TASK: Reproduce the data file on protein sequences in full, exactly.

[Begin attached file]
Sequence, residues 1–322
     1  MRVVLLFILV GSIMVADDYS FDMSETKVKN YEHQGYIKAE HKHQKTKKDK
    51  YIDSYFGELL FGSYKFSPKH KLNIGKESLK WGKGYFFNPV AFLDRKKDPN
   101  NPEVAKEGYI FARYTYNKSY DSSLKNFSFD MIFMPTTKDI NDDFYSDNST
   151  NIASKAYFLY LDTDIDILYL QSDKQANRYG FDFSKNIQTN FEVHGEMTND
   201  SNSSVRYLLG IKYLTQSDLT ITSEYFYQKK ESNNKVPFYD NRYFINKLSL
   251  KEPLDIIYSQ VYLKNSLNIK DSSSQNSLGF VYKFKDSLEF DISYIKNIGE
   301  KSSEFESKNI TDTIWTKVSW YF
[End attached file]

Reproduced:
Sequence, residues 1–322
     1  MRVVLLFILV GSIMVADDYS FDMSETKVKN YEHQGYIKAE HKHQKTKKDK
    51  YIDSYFGELL FGSYKFSPKH KLNIGKESLK WGKGYFFNPV AFLDRKKDPN
   101  NPEVAKEGYI FARYTYNKSY DSSLKNFSFD MIFMPTTKDI NDDFYSDNST
   151  NIASKAYFLY LDTDIDILYL QSDKQANRYG FDFSKNIQTN FEVHGEMTND
   201  SNSSVRYLLG IKYLTQSDLT ITSEYFYQKK ESNNKVPFYD NRYFINKLSL
   251  KEPLDIIYSQ VYLKNSLNIK DSSSQNSLGF VYKFKDSLEF DISYIKNIGE
   301  KSSEFESKNI TDTIWTKVSW YF